When I began my career, like many of us, I was thrown into the deep end of the media relations pool.
The expectation, of course, was if I could create relationships with journalists, I’d eventually be able to do the same with the executives within our office, and finally with the executives at our client’s offices.
To do that (and to be seen as someone who was motivated, driven, and promotable), I spent many years cultivating relationships with journalists: Getting to know their beats, understanding what they would or wouldn’t cover, and even knowing when they celebrated their birthdays so I could send a card or cupcakes or booze.
And then 2008 hit. Newspapers folded, popular magazines went under, and a lot of my friends – those I’d known for more than 10 years – lost their jobs.
Suddenly the journalists who were left had to cover automakers, small business, and manufacturing…even though small business might have been their only beat previously.
They were too busy to take phone calls or go on media tours or even sit with you for an hour to talk about what you had upcoming.
And the role of a communications professional changed, when it came to media relations.
Get the Attention of Journalists
Almost exactly four years ago, Steve Strauss – the small business expert at USA Today – wrote an article called, “Should Entrepreneurs Twitter? Uh, No.”
I read it with great interest, mostly because I had had amazing success using Twitter to build our brand.
In it, he detailed the four reasons entrepreneurs should not use Twitter. I very thoughtfully responded on his article and pointed out the four reasons they should use it…and the other social networks, too.
Because my comment was thoughtful and professional, he called me and we talked about social media, in general. About 30 minutes into the call, he asked if we could go on record.
What came of that conversation was, “Twitter for Small Business…Reconsidered.”
Because he’s like everyone else – swamped with little to no time to listen to pitches from PR professionals – he reads the comments on his articles to see if there is anything worth revisiting or diving into more deeply.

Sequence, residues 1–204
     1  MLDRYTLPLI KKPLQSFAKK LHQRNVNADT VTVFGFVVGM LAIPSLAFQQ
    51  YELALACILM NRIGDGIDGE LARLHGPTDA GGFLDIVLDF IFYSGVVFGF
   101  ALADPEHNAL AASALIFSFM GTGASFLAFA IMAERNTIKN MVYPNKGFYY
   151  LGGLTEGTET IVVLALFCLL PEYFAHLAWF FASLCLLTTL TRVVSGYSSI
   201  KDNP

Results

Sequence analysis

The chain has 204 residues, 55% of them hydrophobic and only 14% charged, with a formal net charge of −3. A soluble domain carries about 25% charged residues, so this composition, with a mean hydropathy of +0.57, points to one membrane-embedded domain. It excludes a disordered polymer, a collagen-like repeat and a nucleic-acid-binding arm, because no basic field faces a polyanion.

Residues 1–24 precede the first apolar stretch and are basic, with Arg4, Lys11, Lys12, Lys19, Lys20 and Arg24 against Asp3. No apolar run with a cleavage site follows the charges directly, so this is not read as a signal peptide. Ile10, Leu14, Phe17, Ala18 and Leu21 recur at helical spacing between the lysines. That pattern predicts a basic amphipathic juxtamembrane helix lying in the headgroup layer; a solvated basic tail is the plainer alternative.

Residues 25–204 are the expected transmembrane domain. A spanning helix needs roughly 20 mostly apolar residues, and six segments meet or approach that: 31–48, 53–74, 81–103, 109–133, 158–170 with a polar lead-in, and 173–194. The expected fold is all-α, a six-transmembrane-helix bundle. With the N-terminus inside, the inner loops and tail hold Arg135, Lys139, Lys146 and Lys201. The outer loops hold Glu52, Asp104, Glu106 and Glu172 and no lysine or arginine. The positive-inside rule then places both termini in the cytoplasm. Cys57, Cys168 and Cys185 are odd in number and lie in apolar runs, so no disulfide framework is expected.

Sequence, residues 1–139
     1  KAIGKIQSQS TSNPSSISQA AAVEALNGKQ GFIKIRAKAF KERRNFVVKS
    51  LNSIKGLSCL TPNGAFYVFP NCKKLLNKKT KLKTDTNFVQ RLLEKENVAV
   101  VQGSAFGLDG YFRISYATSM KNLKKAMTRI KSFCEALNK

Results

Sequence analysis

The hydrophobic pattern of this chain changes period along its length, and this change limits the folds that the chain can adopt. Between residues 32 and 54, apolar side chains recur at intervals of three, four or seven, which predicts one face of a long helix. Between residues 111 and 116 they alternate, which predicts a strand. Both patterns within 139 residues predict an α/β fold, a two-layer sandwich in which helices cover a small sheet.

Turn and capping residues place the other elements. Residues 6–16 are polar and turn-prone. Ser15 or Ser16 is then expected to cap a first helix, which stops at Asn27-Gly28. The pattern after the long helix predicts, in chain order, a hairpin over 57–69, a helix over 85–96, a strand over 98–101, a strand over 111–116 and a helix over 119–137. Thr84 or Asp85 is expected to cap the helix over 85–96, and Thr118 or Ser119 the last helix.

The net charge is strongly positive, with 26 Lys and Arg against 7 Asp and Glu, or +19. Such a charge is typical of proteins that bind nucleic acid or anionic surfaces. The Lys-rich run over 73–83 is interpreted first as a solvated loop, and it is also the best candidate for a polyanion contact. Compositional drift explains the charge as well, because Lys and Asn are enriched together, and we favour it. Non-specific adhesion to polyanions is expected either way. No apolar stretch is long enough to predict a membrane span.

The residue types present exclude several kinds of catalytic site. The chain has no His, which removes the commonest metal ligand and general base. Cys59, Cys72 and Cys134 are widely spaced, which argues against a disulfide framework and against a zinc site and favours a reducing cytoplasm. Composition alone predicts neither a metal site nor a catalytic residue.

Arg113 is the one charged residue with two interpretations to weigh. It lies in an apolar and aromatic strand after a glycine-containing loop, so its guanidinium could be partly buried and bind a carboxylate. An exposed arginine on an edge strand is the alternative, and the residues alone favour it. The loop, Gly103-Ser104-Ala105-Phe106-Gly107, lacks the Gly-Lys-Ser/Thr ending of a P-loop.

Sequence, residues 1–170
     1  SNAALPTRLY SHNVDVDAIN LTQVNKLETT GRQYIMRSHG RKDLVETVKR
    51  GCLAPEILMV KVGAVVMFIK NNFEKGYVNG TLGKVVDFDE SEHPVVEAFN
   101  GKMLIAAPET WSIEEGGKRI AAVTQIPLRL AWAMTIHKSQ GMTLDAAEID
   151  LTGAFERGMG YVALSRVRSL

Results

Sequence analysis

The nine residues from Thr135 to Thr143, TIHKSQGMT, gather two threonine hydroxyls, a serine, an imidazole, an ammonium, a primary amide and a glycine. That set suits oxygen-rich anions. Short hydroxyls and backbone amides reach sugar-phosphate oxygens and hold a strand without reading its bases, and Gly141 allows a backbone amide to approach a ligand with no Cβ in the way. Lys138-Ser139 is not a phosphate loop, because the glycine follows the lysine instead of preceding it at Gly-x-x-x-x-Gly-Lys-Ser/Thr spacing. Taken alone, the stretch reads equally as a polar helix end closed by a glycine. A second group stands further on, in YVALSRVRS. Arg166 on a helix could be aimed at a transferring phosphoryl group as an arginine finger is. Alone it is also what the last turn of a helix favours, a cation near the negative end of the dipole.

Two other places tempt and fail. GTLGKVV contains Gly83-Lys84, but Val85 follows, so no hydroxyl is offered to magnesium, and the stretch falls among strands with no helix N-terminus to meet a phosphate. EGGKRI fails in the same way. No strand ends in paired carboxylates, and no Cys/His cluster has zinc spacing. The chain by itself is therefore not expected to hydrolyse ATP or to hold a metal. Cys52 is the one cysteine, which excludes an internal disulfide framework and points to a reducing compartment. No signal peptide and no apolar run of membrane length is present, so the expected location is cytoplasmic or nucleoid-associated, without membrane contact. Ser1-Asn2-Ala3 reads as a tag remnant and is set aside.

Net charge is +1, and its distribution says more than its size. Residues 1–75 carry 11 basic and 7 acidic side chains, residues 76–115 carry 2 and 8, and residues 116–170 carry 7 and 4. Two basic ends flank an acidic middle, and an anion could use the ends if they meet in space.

Pitch Journalists on Your Own
Hence, the response campaign was born.
It’s not a very creative title, but my team and our clients know what it means: Spend the time to read and respond to journalists and they’ll eventually add you to their Rolodex of trusted resources.
Here is a step-by-step process to create this magic for yourself:
- Choose one newspaper, magazine, or blog that makes a difference in your industry. It can be Wall Street Journal or it can be one of your trade publications. Choose just one.
- Once a week, comment on one article, blog post, or editorial. If you disagree, fantastic! Say so. But do it professionally. Being negative or criticizing without a solution isn’t helpful. Professional discourse is.
- Keep this up.
- After about six weeks, the journalist will feel like he or she is beginning to know you and will call you for a story in the works.
- Every quarter add another publication, so you have four that you focus on each year.
- Don’t be afraid to go after the big publications. If your expertise adds value to the stories they’re reporting, comment away!
If you are consistent and post intelligent comments once a week, you’ll soon have developed relationships with journalists who call on you when they need someone to interview.
Yes, it takes some time. Yes, it’s hard work. Yes, it requires that you keep up with your reading. But it works 100 percent of the time. Wouldn’t you rather do that than send a news release to 1,000 journalists and not get a single bite?
A version of this first appeared on Successful (and Outstanding) Blog(gers).